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‘Content Shock?’ Think ‘Content Darwinism’ and Be Mighty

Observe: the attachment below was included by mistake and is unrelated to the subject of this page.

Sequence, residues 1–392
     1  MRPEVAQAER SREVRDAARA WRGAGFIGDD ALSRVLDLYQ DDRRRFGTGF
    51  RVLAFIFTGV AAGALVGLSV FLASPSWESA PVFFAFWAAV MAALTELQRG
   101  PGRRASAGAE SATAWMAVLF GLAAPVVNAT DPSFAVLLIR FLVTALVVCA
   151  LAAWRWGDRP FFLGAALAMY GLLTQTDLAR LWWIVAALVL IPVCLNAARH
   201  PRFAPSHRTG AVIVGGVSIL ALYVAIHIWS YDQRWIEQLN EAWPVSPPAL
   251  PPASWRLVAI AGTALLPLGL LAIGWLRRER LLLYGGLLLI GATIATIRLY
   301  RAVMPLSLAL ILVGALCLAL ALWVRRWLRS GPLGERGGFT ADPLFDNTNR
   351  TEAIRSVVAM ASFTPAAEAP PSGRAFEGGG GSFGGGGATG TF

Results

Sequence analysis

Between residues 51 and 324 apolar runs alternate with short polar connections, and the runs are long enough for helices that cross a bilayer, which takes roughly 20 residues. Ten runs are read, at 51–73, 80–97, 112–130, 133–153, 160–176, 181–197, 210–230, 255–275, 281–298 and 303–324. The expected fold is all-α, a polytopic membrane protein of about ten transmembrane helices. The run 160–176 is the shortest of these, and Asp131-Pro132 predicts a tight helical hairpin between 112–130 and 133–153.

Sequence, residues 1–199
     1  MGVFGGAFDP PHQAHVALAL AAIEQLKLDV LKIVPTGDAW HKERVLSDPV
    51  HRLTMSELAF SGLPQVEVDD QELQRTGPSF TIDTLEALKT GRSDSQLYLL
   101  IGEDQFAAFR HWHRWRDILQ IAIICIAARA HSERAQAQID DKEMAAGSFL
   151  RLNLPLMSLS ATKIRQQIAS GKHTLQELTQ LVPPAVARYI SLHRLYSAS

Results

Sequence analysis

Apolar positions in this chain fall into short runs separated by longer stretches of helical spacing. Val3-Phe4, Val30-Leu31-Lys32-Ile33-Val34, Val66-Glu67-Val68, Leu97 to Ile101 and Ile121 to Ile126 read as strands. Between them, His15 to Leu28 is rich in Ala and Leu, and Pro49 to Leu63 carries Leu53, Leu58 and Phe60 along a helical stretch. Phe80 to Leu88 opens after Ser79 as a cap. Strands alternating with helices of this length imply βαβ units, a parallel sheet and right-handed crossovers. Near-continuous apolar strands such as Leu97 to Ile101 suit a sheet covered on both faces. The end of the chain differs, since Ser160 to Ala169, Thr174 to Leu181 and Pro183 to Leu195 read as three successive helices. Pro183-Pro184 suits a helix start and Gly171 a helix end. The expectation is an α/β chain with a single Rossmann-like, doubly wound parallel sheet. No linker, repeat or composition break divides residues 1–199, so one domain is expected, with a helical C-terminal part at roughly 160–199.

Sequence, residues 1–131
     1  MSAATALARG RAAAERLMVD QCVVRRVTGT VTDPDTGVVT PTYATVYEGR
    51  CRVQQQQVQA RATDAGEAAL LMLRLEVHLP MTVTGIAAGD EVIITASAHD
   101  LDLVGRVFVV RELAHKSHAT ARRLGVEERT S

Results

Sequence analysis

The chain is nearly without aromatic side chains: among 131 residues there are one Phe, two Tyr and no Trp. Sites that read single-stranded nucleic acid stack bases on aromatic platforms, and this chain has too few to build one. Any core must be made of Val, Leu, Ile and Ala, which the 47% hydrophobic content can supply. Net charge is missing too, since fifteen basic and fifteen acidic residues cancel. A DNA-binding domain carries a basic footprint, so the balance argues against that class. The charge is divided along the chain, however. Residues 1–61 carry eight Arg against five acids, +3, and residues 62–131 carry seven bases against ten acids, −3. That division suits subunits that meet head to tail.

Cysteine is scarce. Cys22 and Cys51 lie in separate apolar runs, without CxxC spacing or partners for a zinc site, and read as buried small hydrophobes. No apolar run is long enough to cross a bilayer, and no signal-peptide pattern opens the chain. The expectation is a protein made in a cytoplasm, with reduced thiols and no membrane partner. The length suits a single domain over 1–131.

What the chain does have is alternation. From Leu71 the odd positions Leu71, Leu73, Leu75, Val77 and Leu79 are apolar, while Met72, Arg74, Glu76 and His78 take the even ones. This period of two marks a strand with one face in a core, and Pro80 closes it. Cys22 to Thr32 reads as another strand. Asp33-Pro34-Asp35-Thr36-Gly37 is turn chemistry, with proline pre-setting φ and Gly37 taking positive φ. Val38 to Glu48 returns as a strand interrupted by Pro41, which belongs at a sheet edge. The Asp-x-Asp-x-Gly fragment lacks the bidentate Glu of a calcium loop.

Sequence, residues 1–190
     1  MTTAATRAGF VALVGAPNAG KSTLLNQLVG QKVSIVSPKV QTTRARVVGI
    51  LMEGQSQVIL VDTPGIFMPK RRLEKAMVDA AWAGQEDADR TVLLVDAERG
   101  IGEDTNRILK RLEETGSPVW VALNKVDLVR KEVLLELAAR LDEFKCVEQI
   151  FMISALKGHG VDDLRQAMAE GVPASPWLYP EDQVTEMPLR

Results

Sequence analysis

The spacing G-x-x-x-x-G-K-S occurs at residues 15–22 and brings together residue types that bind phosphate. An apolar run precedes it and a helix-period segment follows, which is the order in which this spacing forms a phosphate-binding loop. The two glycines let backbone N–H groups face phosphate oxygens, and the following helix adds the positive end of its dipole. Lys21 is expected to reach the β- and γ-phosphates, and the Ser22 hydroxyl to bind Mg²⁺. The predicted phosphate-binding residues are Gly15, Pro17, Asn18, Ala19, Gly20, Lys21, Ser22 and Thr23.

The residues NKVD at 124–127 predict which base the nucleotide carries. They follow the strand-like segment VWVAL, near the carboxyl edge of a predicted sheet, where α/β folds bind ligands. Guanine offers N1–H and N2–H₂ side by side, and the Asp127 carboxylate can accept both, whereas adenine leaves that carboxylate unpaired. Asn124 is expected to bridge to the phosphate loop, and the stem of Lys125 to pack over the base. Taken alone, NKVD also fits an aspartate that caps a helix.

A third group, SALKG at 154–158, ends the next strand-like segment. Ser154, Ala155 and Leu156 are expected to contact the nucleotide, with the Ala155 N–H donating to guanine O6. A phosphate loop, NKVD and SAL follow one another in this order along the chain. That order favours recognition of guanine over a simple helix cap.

Survival of the Fittest Social Media Marketing Consultant Mark Schaefer wrote a thought-provoking blog about “content shock” a few months ago, which created quite a buzz in the social media world. Content Shock, according to Schaefer, is the idea that “the emerging marketing epoch defined when exponentially increasing volumes of content intersect with our limited capacity to consume it.” In other words, there will simply be too much content for mere mortals to handle. Schaefer makes an economics argument for Content Shock: It comes down to supply and demand. There will be an unending supply of content and demand will become flat because we will have consumed as much as we are capable of consuming. I’m not in total agreement with this part. Long before the Internet, we had more content than we could possibly consume, even if we spent day and night immersed in it. Let’s jump into the Way-Back Machine and consider newspapers: At one time many large towns and cities had two newspapers. Some had three or four. There were morning and evening editions of some papers; there were extras when big news happened. On a daily basis more news was printed than people could easily consume in a day. People didn’t expect to be able to read everything in every paper, so they picked their favorite newspaper and they read what they were interested in – or what resonated with them. tumblr_mf5sxfc6al1qdv42bo1_1280And remember; content isn’t just the written word; it’s also audio, video, art, graphics, cartoons and more. Think about the library: Can I read every book, listen to every tape and CD (or album, which, for all you youngsters out there is like a ginormous CD), browse all the magazines and read all the newspapers? Of course not. Not then and not now. How about the Library of Congress? It has, and I quote the Library of Congress itself “158 million items on approximately 838 miles of bookshelves. The collections include more than 36 million books and other print materials, 3.5 million recordings, 13.7 million photographs, 5.5 million maps, 6.7 million pieces of sheet music and 69 million manuscripts. “The Library receives some 15,000 items each working day and adds approximately 12,000 items to the collections daily.” Can anyone consume that much content? Of course not. Add all of the museums, all of the television stations, all of the magazines, all of the radio … you get the point. People don’t want to consume all of it; they want to find what they like and pick which parts they want to consume. When it comes to content, you get to eat dessert and ignore the vegetables. So what I think is that rather than Content Shock, what we need to embrace is what I like to call Content Darwinism. Only the fittest will survive. Only the most interesting, helpful, educational and entertaining content, produced by the most nimble content creators, will survive. Schaefer’s theory somewhat parallels this. He argues that there will be so much content and it will be so hard to get people’s attention that only the organizations with Scrooge McDuck’s coffers will be able to afford to publish content that gets noticed. I don’t think so. In the end content has to resonate – and money can’t buy that. Good content is good content. You can pay for a lot of bells and whistles that wow people with your creativity and general awesomeness, but if it doesn’t resonate or interest people, they won’t take a second look. Plus, what works now won’t necessarily work down the road. People are fickle; their thinking will change or they’ll find something shinier to play with. They’ll get bored with Dinosaureverything and everything marketers think we know now will have to get blown up and something else will have to take its place – likely something we can’t even imagine right now. So continue to think big, create strong content and be prepared for change. Be mighty. Your survival depends on it.
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